Endodontics (Root Canal Therapy) in Spring Branch, Houston, TX
What is Endodontics?
Endodontics is a branch of dentistry which deals with operations that are performed inside a tooth. “Endo” means “inside” and ‘dontics’ means concerning teeth. One of the main endodontic operations is the opening, cleaning, filling, and sealing of the interior of the tooth, or the root canal. This procedure is called a root canal treatment.
The Root Canal
The root of the tooth, that is the part inside the gum, is elongated and has a chamber or canal running along the length to the apex (the pointed end of the root). While the exterior of the tooth crown and roots are made of the hard enamel and cementum respectively, the root canal is filled with soft pulp primarily containing blood vessels, and nerve tissue. That is why the root canal is also called the pulp chamber. The blood vessels supply the tooth during the growth period and keep the tooth alive with nutrients once the growth is completed.
Infection of the Root Canal
Once the pulp gets infected, there is a severe toothache which usually goes away after taking pain medication. At this stage, the situation is reversible and can be easily treated with cavity fillings. However, if the condition is left untreated, the pulp inflammation becomes irreversible and now it must be treated with a root canal therapy.
A toothache is basically felt as a result of pulp inflammation is due to a build-up of severe pressure in the pulp chamber which tends to stimulate the nerve endings inside the pulp causing pain. In such cases, we will perform root-canal treatment, to avoid tooth extraction.
When is a Root canal therapy Needed?
A root canal therapy procedure is required when the pulp inside the tooth gets inflamed. At Lifeworks Dental, a root canal procedure is usually performed to treat pulp inflammation in the following cases:
- Untreated, long-standing teeth cavities
- Direct exposure of pulp to the oral environment due to trauma
- Tooth erosion
- Gradual tooth abfraction due to habit of excessive tooth grinding or clenching
- Spontaneous fracture of a heavily restored tooth.
Root canal therapy– How is it Performed?
Following steps are involved in a root canal procedure, which is usually completed in 1-2 sittings.
- X-Ray image– The procedure starts with an x-ray examination of the inside of the tooth. This will help our dentists visualize the anatomy of the root canal, the extent of infection, and the number of roots.
- Anesthesia – Since root canal therapy is a micro-surgical procedure, we will use local anesthesia to avoid pain during your treatment, and to make you comfortable.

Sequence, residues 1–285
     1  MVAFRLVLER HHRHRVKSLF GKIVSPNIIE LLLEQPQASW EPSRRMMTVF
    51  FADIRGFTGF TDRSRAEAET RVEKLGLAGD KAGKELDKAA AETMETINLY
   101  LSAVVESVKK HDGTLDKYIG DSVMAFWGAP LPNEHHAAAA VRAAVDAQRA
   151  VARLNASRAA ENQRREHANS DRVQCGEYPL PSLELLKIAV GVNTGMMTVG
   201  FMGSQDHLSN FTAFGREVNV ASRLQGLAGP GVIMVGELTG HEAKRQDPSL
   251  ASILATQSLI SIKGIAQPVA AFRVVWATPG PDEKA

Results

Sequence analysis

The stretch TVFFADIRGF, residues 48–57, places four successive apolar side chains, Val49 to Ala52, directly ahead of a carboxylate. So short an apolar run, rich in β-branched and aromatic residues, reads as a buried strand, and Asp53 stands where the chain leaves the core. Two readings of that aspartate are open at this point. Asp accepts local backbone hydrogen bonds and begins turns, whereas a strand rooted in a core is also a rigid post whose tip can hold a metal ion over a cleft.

- Opening the root canal – in the next step, we will clean the cavity and drill through the tooth to expose the pulp chamber. Once the pulp chamber is open, it will be widened just enough to allow passage of endodontic instruments.
- Cleaning– next, we will remove the infected pulp by using special endodontic instruments and thoroughly clean the root canal of any debris and remnants of the tissue. We will wash the canal and then dry it completely before the next step.
- Filling the canal– The cleaned and dried canal will then be filled with an inert material called gutta percha. This is done to create a seal which prevents re-infection in future. A temporary filling is placed over the tooth to seal it, and you will be sent home.
- Observation and permanent Filling– During your next appointment, we will assess the extent of healing. If sufficient healing has occurred, the temporary filling will be removed and replaced with a permanent one.
While in most cases root canal treatment is performed in multiple steps, especially for teeth having multiple roots, our dentists sometimes choose to perform the perform the procedure in a single sitting due to extent of infection.
Post Root canal therapy care
The endodontic treatment leaves a tooth weakened since the blood and nerve supply of the tooth has been removed. Therefore, a tooth must be reinforced with a dental crown immediately after a root canal procedure to prevent it from the spontaneous fracture. Such an advice must not be ignored else, the tooth may get damaged under chewing pressures. A proper root canal by an expert followed by a crown will normally preserve the tooth for life.
A root canal procedure is usually the last resort at saving a tooth and preventing tooth extraction. However, such a procedure can be easily avoided if you maintain optimal oral hygiene through regular brushing and flossing. If you feel that you are having continuous tooth pain which does not go away, you may require a root canal therapy. If that happens, visit us immediately so that our emergency dentist can take care of your problem.